However, in the context of recirculating farms, water containing fish waste fertilizer is not intended or likely to come into contact with the harvestable portion of the plants. Second, fish waste does not contain E. Coli, and therefore the microbial testing proposed by FDA ijust doesn’t fit with water used in aquaponic systems.
Recirculating farms are different, by their very nature, than other forms of field soil-
based agriculture. Nevertheless, the DEIS completely fails to recognize the differences between soil and water based agriculture — a factor that could be disastrous for the growing number of recirculating farmers.
The RFC is continually working on this issue, submitting comments to the FDA and raising awareness of the possibilities of water-based farming. Want to get involved? Contact our Policy Counsel today to find out how you can make a difference for farms and farmers around the country.
Fantastic news this week – a bipartisan Farm to School program bill was introduced both in the House of Representatives AND the Senate. We are VERY excited! RFC and partners nationwide have been urging legislators to connect farmers with schools so more fresh food can be part of school meals. Additionally, much farm to school programing includes gardens on site at schools. This can foster children learning more about nutrition, health and various other topics associated with growing.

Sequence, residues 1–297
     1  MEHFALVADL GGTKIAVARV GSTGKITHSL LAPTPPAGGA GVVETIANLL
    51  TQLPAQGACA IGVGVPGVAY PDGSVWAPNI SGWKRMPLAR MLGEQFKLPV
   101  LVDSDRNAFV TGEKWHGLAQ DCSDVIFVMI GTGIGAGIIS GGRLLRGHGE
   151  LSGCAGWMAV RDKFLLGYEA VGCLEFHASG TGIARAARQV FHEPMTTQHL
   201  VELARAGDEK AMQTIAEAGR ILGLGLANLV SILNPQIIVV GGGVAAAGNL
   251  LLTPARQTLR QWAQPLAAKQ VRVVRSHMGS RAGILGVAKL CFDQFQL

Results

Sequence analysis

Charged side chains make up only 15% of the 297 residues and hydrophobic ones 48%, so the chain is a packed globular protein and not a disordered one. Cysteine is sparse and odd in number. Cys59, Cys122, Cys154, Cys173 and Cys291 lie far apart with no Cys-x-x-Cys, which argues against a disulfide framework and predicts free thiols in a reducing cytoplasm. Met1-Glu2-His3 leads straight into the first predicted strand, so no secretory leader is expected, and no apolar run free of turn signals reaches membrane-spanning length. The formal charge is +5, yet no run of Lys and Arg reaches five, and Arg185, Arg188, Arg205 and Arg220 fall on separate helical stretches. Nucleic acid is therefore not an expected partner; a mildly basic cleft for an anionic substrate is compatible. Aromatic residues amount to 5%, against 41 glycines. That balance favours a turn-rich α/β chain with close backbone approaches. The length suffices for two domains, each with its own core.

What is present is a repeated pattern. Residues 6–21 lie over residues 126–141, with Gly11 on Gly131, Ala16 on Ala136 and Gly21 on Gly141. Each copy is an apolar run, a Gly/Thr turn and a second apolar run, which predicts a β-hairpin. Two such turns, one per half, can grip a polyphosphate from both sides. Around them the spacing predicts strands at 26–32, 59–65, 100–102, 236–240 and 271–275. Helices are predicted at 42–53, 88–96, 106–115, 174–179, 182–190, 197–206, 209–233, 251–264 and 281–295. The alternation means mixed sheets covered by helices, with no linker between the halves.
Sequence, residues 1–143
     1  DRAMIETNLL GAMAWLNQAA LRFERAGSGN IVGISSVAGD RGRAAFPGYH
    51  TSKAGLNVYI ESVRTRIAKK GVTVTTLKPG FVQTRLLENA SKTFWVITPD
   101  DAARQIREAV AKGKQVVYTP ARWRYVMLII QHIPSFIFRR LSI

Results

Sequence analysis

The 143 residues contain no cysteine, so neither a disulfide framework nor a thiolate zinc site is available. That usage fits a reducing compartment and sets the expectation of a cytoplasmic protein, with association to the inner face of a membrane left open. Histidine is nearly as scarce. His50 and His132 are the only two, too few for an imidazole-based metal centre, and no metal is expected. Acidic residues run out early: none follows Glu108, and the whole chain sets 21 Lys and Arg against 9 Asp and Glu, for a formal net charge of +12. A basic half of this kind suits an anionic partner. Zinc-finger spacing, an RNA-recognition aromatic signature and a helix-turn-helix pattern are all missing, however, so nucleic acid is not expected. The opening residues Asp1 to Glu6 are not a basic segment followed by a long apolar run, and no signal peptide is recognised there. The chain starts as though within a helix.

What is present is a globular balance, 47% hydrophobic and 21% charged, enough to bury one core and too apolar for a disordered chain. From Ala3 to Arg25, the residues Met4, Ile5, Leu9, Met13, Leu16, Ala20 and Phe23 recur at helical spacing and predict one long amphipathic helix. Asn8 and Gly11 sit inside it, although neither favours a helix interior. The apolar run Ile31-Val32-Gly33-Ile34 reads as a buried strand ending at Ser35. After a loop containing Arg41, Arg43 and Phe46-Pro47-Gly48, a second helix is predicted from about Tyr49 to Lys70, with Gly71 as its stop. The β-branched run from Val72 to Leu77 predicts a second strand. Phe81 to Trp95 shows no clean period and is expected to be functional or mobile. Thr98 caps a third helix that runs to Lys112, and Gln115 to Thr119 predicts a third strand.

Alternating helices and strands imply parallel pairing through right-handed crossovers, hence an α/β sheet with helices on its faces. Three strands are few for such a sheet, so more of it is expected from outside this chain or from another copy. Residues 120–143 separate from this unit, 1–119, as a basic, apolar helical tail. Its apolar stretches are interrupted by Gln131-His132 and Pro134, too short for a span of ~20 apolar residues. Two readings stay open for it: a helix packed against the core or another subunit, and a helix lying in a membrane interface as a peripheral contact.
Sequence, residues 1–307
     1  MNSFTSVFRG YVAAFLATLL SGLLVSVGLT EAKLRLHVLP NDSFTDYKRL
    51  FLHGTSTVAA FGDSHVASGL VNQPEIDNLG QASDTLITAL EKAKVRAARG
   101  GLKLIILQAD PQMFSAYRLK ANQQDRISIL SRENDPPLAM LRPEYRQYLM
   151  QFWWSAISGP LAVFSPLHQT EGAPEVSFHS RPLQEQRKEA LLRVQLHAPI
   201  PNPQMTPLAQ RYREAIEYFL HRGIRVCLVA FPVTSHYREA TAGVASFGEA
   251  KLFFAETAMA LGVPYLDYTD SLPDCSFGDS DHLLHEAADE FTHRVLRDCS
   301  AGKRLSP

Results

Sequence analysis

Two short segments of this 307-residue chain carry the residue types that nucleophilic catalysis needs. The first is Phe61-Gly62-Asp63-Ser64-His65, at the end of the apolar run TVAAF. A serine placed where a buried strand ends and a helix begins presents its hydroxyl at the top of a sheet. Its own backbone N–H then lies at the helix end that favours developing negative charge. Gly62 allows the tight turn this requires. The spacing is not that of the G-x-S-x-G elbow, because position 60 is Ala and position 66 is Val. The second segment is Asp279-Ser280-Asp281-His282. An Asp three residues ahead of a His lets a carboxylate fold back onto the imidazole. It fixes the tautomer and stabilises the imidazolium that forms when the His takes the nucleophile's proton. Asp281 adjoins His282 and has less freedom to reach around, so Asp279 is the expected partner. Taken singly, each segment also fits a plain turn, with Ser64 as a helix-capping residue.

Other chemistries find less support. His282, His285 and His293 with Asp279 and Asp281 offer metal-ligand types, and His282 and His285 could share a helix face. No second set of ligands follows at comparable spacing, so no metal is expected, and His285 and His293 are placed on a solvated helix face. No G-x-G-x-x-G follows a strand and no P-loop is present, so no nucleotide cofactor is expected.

Open water fish farming has a global history of serious problems – from massive pollution to interference with other ocean uses like fishing, diving, swimming and boating. Experimental operations have mostly done poorly in the U.S., requiring huge inputs of public dollars to remain open or failing and closing.
Recirculating farms grew in popularity as a response to development of open water fish farms years ago, because closed loop systems avoid most of the problems created in open water farms – there is no outflow of pollution, fish can’t escape, it’s harder for diseases and parasites to get to the fish, and there is no interference with wildlife. There is just no need to move forward with outdated open water commercial fish farms at this time when there are better, more sustainable options available today.
But for some reason, NMFS keeps pushing forward with allowing commercial fish farms in the ocean, starting with the Gulf of Mexico. In recent years, the Gulf has been battered by hurricanes, covered in oil and then sprayed above and below with chemicals in an effort to mask the terrible effects of the spill. The Gulf, its the wildlife and all the people who live near and work on and in Gulf waters can not handle the effects that can come with industrial aquaculture on top of the already existing problems.